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Author Topic: Keyboard layout - upper octave  (Read 530 times)

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Willh

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Keyboard layout - upper octave
« on: August 26, 2017, 07:23:26 PM »

I'm just curious why once you get into the upper octave of a 2-row / 3-row box, the note arrangement for the last 2-3 buttons goes from being scalar to a less predictable arrangement of notes.

For instance, on the D row of a Hohner Corona II, starting from the 3rd button we have:

D|E   F#|G   A|B   D|C#   F#|E    A|G    D|B    F#|C#    A|E

The note arrangement is scalar until we get to the last 3 buttons and then we have:

1|6    3|7    5|9

Does anyone know why this is the case? I'm sure there must be a logic to it, but I can't spot it.

Thanks,

Will
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Re: Keyboard layout - upper octave
« Reply #1 on: August 26, 2017, 07:42:08 PM »

This is the way melodeons are - push notes repeat every four buttons and pull every five. This causes the change in the relative pairs of notes on a button - D/E on the chin end then D/C# next then D/B the next time.

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Re: Keyboard layout - upper octave
« Reply #2 on: August 26, 2017, 07:45:18 PM »

It's simple arithmetic.  There are three push notes and four pull notes, so there has to be different combinations of notes on each button in different octaves. It is quite logical though push notes go GBDGBDGBD etc and pull notes go ACEF#ACEF#ACE etc usually no G row as an example.
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Willh

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Re: Keyboard layout - upper octave
« Reply #3 on: August 26, 2017, 08:14:33 PM »

Many thanks.

In other words, it's a balance between representing the I on the push and the V on the pull, but also maintaining the major scale for obvious musical reasons.

Works for me.

Will
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boxcall

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Re: Keyboard layout - upper octave
« Reply #4 on: August 26, 2017, 09:10:21 PM »

I --III-- V are on the push or the (chord notes) of the key of the row you are on,everything else is on the pull and as Theo said the rest is math.
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Re: Keyboard layout - upper octave
« Reply #5 on: August 26, 2017, 09:19:26 PM »

I --III-- V are on the push or the (chord notes) of the key of the row you are on,everything else is on the pull
Willh has a Club box and therefore a slightly different note layout.
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Willh

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Re: Keyboard layout - upper octave
« Reply #6 on: August 27, 2017, 05:37:53 AM »

It's simple arithmetic.  There are three push notes and four pull notes, so there has to be different combinations of notes on each button in different octaves. It is quite logical though push notes go GBDGBDGBD etc and pull notes go ACEF#ACEF#ACE etc usually no G row as an example.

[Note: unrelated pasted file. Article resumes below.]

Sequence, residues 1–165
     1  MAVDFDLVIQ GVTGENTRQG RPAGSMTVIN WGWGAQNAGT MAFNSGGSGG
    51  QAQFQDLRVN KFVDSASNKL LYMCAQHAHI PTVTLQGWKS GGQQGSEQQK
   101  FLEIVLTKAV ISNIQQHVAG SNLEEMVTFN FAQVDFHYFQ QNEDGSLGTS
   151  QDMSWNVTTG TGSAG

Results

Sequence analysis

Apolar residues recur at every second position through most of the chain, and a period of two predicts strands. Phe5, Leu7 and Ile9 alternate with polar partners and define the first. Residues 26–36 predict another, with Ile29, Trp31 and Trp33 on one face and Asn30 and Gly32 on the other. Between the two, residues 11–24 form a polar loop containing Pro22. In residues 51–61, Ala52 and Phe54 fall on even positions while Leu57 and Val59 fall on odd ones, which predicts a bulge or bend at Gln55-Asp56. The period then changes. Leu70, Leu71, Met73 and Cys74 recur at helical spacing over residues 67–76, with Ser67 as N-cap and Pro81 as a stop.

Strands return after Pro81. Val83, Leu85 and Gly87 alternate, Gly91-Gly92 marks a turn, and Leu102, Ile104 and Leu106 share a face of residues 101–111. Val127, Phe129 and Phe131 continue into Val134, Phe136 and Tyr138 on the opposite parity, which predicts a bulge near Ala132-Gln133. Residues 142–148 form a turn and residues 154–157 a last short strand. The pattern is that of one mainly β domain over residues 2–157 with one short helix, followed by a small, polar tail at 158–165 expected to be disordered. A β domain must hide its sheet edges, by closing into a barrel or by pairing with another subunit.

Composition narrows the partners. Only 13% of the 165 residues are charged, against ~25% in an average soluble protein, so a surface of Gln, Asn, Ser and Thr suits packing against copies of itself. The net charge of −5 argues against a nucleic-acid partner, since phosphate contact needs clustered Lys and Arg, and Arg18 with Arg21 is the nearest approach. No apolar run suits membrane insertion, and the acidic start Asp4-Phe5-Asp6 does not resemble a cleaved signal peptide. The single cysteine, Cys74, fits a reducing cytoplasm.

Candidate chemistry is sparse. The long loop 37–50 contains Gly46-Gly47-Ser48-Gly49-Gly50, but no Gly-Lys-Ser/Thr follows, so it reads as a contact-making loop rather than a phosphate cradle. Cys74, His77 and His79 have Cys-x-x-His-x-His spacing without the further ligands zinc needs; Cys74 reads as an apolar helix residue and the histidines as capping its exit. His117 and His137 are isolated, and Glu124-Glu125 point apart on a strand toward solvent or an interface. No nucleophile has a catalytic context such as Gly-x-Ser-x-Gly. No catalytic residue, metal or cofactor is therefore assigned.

I was a bit puzzled by your reply above until I realised you're referencing the G row. :)

Just to be clear, I was referencing the D row, not the G row (although the same theory would apply).

In essence, it's somewhat similar to a chromatic harmonica, where you have the flip in notes once you hit the octave to preserve the stacking of arpeggios, otherwise the sequencing of notes would not be maintained. Of course, it's not the same exact system as a chromatic harmonica, otherwise you'd maintain the same arrangement of notes across the instrument, which clearly the melodeon does not.
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Willh

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Re: Keyboard layout - upper octave
« Reply #7 on: August 27, 2017, 05:56:32 AM »

I --III-- V are on the push or the (chord notes) of the key of the row you are on,everything else is on the pull and as Theo said the rest is math.

My observation about push / pull and the I and V chords was just for the melody side of the Corona. I wasn't thinking in terms of the bass buttons / chords.

So, if the D row on a Corona II is as described in the diagram I found here on Melnet:

D|E   F#|G   A|B   D|C#   F#|E    A|G    D|B    F#|C#    A|E

The V (or to be more exact the rootless 9 chord) would on the pull, not the push, right?

A7 (the V of D) = A C# E G
A9 = A C# E G B

Pull notes on D row = E   G   B   C#   E   G   B   C#   E  = A9 (no root)

Similarly, only 2 notes of the III are available on the push: F# & A (and only 2 on the pull: C# & E)

A mix of push and pull would be needed to truly realise an F#m (or more accurately F#m7). But this goes beyond my original intention, which was an easy way to view the melody side of the instrument in two halves (push / pull).

This kind of visualisation just gives me an easy reference point when playing and makes me less dependent on looking at the keyboard to find notes.

Thanks for everyone's input. The melodeon really is a great little instrument. Very flexible without needing to be fully chromatic. I've got a friend who's a fiddle player, so I'm looking forward to agreeing a list of tunes with him and doing some duets as soon as I get the 3-row Corona II under my fingers.

Which suddenly makes me realise I should have mentioned I've bought Martyn White's Hohner Corona II he was selling. I should have it Wednesday next week.

But my Hohner Club will probably still be my favourite. :)

Will
« Last Edit: August 27, 2017, 07:24:28 AM by Willh »